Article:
Web Support Quick Start

Building Documentation Data

To make use of the web support package in your application you’ll need to build the data it uses. This data includes pickle files representing documents, search indices, and node data that is used to track where comments and other things are in a document. To do this you will need to create an instance of the WebSupport class and call its build() method:

from sphinxcontrib.websupport import WebSupport

support = WebSupport(srcdir='/path/to/rst/sources/',


This will read reStructuredText sources from srcdir and place the necessary data in builddir. The builddir will contain two sub-directories: one named “data” that contains all the data needed to display documents, search through documents, and add comments to documents. The other directory will be called “static” and contains static files that should be served from “/static”.


If you wish to serve static files from a path other than “/static”, you can do so by providing the staticdir keyword argument when creating the WebSupport object.

Integrating Sphinx Documents Into Your Webapp

Now that the data is built, it’s time to do something useful with it. Start off by creating a WebSupport object for your application:

from sphinxcontrib.websupport import WebSupport

support = WebSupport(datadir='/path/to/the/data',

You’ll only need one of these for each set of documentation you will be working with. You can then call its get_document() method to access individual documents:

contents = support.get_document('contents')

This will return a dictionary containing the following items:

  • body: The main body of the document as HTML
  • sidebar: The sidebar of the document as HTML
  • relbar: A div containing links to related documents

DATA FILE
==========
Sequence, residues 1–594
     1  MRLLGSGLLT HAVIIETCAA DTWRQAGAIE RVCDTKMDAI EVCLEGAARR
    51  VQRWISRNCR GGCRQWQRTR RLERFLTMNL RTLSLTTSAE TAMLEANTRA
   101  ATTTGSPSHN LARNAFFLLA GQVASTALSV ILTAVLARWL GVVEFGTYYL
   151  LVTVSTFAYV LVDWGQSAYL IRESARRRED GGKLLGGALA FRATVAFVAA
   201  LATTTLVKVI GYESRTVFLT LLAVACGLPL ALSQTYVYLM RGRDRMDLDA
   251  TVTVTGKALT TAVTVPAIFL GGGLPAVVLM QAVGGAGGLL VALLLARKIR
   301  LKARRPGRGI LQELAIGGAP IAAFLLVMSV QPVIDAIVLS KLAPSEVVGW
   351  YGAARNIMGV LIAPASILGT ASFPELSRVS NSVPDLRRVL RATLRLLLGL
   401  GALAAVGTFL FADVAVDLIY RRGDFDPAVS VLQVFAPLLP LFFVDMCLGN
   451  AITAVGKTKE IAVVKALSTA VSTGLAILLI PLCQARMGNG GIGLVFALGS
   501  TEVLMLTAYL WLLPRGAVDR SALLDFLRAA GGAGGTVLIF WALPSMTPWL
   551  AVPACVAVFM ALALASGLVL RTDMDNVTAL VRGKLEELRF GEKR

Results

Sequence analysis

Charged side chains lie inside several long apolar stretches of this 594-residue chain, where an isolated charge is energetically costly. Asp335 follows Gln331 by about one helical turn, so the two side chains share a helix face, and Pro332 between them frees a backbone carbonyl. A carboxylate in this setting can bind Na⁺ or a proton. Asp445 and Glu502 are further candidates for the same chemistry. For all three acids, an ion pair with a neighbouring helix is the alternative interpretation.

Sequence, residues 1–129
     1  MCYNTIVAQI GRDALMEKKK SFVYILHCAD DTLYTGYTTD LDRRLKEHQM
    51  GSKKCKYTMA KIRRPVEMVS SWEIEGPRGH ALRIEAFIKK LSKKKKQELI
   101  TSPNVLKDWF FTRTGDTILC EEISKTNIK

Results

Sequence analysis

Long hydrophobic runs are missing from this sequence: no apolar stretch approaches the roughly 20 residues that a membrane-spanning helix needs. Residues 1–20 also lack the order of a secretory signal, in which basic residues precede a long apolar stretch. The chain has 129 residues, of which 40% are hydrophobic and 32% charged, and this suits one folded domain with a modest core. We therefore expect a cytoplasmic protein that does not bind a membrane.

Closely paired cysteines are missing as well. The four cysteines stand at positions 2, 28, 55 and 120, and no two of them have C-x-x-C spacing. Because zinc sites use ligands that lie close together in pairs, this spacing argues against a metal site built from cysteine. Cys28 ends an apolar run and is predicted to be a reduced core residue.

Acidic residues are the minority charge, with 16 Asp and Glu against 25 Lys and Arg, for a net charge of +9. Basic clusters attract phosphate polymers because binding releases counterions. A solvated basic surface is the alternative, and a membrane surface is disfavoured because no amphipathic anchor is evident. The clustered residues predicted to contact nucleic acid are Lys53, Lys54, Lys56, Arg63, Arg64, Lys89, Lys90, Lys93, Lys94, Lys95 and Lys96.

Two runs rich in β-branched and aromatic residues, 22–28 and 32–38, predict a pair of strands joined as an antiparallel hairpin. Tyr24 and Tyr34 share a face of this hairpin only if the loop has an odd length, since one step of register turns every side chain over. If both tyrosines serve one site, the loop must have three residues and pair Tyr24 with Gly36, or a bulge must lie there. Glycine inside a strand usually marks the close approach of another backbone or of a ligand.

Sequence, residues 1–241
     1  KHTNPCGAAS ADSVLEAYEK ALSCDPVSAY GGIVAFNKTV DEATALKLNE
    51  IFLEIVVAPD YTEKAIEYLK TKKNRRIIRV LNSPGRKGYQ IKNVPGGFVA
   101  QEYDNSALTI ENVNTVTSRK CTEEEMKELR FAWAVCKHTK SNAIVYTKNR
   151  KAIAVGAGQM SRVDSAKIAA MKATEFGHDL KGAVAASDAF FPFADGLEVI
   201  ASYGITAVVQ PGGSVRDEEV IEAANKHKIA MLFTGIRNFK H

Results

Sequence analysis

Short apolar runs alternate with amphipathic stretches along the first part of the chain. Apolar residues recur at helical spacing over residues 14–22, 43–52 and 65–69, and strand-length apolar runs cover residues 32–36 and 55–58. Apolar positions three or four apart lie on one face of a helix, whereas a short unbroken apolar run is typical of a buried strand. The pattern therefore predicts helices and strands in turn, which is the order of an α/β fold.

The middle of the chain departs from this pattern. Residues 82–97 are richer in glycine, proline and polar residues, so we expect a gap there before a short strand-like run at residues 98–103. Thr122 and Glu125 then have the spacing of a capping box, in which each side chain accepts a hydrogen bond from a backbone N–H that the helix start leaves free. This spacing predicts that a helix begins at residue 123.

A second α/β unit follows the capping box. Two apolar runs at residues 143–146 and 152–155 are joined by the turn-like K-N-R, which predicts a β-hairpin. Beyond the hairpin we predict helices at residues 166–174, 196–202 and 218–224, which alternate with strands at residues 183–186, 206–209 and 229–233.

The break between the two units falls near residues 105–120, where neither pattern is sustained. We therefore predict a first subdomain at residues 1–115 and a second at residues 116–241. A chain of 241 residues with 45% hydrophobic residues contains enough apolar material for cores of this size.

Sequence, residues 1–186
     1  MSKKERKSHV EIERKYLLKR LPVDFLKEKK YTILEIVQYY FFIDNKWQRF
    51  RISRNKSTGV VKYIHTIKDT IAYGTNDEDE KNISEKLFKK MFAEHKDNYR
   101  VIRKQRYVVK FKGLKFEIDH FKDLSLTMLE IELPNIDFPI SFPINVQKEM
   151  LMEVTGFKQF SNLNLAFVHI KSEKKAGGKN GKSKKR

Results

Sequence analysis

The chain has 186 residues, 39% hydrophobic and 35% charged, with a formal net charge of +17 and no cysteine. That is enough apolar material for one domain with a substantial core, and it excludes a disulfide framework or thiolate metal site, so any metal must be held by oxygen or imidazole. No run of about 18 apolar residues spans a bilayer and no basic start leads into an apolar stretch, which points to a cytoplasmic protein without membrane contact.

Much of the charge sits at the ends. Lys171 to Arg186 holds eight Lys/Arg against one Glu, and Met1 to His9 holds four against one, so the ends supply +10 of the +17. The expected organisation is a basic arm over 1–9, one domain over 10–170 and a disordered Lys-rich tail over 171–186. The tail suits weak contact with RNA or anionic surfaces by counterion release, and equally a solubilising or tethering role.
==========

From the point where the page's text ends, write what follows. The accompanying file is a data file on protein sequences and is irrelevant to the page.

• title: The title of the document
  • css: Links to CSS files used by Sphinx
  • script: JavaScript containing comment options

This dict can then be used as context for templates. The goal is to be easy to integrate with your existing templating system. An example using Jinja2 is:

{%- extends "layout.html" %}

{%- block title %}
    {{ document.title }}
{%- endblock %}

{% block css %}
    {{ super() }}
    {{ document.css|safe }}
    <link rel="stylesheet" href="/static/websupport-custom.css" type="text/css">
{% endblock %}

{%- block script %}
    {{ super() }}
    {{ document.script|safe }}
{%- endblock %}

{%- block relbar %}
    {{ document.relbar|safe }}
{%- endblock %}

{%- block body %}
    {{ document.body|safe }}
{%- endblock %}

{%- block sidebar %}
    {{ document.sidebar|safe }}
{%- endblock %}


To use certain features such as voting, it must be possible to authenticate users. The details of the authentication are left to your application. Once a user has been authenticated you can pass the user’s details to certain WebSupport methods using the username and moderator keyword arguments. The web support package will store the username with comments and votes. The only caveat is that if you allow users to change their username you must update the websupport package’s data:

support.update_username(old_username, new_username)

username should be a unique string which identifies a user, and moderator should be a boolean representing whether the user has moderation privileges. The default value for moderator is False.

An example Flask function that checks whether a user is logged in and then retrieves a document is:

from sphinxcontrib.websupport.errors import *

def doc(docname):
    username = g.user.name if g.user else ''
    moderator = g.user.moderator if g.user else False
        document = support.get_document(docname, username, moderator)
    except DocumentNotFoundError:
    return render_template('doc.html', document=document)

The first thing to notice is that the docname is just the request path. This makes accessing the correct document easy from a single view. If the user is authenticated, then the username and moderation status are passed along with the docname to get_document(). The web support package will then add this data to the COMMENT_OPTIONS that are used in the template.